Return to the magical world created by the brilliant mind of Jim Henson with The Power of the Dark Crystal, which is both the graphic novelization and sequel to the 1982 film, The Dark Crystal. The sequel takes place a hundred years after the original movie. Our heroes, Jen and Kira, have become leaders but have faded into the background. Their complacency has caused some members of their group to become corrupt. The crystal’s light is dying and the other inhabitants are becoming afflicted with something called the blight. Meanwhile, a Fireling, named Thurma discovers her world is also dying and she needs to steal a piece of the crystal in order to restore it.
At the conclusion of the first volume, Thurma fails to get Jen and Kira to give her a piece of the crystal. She makes friends with another Gefling named Kensho. With his help she is able to steal a piece of the crystal and flees to save her world. In volume 2, Kensho follows Thurma with Jen and his army not far behind. Jen manages to catch up with Kensho and tries to reason with him. Kensho questions if Jen has become complacent in his leadership role leading to corruption and the spreading of the blight illness. Jen comes to realize there must be a solution that will save his world and Thurma’s.
Meanwhile, the imprisoned Skeksis, the vulture-like villains of the series, sway a Gefling official into helping them by promising him power. The official stares into the Dark Crystal, and becomes corrupted by it. He is persuaded into releasing the Skeksis from their confinement. With Jen and his army away, it is up to Kira to defend the castle from being taken over.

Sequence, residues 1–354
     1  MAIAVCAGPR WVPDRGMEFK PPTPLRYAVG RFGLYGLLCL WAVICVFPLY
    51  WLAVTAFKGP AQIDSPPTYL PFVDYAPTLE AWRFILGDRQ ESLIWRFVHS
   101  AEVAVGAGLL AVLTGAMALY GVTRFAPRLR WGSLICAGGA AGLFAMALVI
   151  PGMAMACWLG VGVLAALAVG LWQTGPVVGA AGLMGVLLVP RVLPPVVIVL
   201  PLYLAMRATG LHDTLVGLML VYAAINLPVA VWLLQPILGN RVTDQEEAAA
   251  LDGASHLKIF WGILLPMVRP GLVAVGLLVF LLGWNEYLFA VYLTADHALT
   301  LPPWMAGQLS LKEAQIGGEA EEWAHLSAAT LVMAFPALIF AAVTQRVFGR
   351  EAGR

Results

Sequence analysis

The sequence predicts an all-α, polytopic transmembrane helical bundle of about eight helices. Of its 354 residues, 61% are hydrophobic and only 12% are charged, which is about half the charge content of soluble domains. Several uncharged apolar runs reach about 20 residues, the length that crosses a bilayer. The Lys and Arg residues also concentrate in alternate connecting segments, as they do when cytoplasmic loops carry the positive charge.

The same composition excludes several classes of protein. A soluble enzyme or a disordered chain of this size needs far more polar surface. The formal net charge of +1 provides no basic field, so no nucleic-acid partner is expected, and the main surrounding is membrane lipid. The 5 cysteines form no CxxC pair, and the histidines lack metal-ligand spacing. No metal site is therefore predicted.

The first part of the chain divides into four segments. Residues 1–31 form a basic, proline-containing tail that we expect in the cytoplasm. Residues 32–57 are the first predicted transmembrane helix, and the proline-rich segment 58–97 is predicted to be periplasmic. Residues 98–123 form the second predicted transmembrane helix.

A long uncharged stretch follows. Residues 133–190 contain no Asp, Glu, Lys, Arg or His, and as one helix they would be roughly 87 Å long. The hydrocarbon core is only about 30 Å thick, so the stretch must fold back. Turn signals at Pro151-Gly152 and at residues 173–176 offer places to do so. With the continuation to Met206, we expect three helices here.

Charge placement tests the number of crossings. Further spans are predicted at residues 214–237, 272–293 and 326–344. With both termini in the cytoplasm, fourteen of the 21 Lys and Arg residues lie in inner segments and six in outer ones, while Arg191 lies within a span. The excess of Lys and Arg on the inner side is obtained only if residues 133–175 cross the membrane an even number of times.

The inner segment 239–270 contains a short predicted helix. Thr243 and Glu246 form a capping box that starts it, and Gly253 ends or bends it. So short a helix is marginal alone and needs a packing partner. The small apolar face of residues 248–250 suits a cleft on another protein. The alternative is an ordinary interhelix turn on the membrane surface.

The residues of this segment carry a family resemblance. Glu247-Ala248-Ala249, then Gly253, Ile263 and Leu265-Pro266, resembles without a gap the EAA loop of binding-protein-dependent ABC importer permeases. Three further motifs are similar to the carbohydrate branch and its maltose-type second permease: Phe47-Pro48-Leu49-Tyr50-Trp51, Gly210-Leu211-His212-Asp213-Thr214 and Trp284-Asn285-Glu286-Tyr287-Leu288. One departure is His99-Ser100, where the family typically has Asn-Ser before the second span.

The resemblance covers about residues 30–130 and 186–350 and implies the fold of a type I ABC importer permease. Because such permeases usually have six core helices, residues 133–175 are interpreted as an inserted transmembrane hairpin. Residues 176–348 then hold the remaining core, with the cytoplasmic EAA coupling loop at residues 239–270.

The one thing that stood out about the Dark Crystal world is all the different creatures that spring out of the artist’s mind. Jim Henson’s The Power of the Dark Crystal features old favorites like Fizzgig, Kira’s round furry pet. Also, the Garthim, which are large beetle creatures that the Skeksis controlled. A new addition is the tumbeloth, which looks similar to a turtle, but has tentacles that spring forth from its shell. It is a bit mischievous and likes to snatch shiny objects such as when it takes the shard from the crystal and hides it in its shell. The colors of the background are vibrant and alive. The artist doesn’t stick to one palate, but uses a wide array of colors. In one section you can have grey, brown, and reds. In another section, it can be in a purple, pink, and blue. I found the change in colors to be very striking.
Jim Henson’s The Power of the Dark Crystal is appropriate for a teen audience, but adults with nostalgia for the series will enjoy it as well. The colors and vibrant details are pleasing to the eye, while the integration of the old characters and new are seamless. The setup established in volume 1 took a long time, and bogged down the story; however volume 2 raises the stakes. It leaves us with a clear arc for the rest of the series, and one that I’m interested in seeing how it will play out.
Jim Henson’s The Power of the Dark Crystal, vol. 2
by Simon Spurrier and Phillip Kennedy Johnson
Art by Kelly and Nichole Matthews
Publisher Age Rating: Teen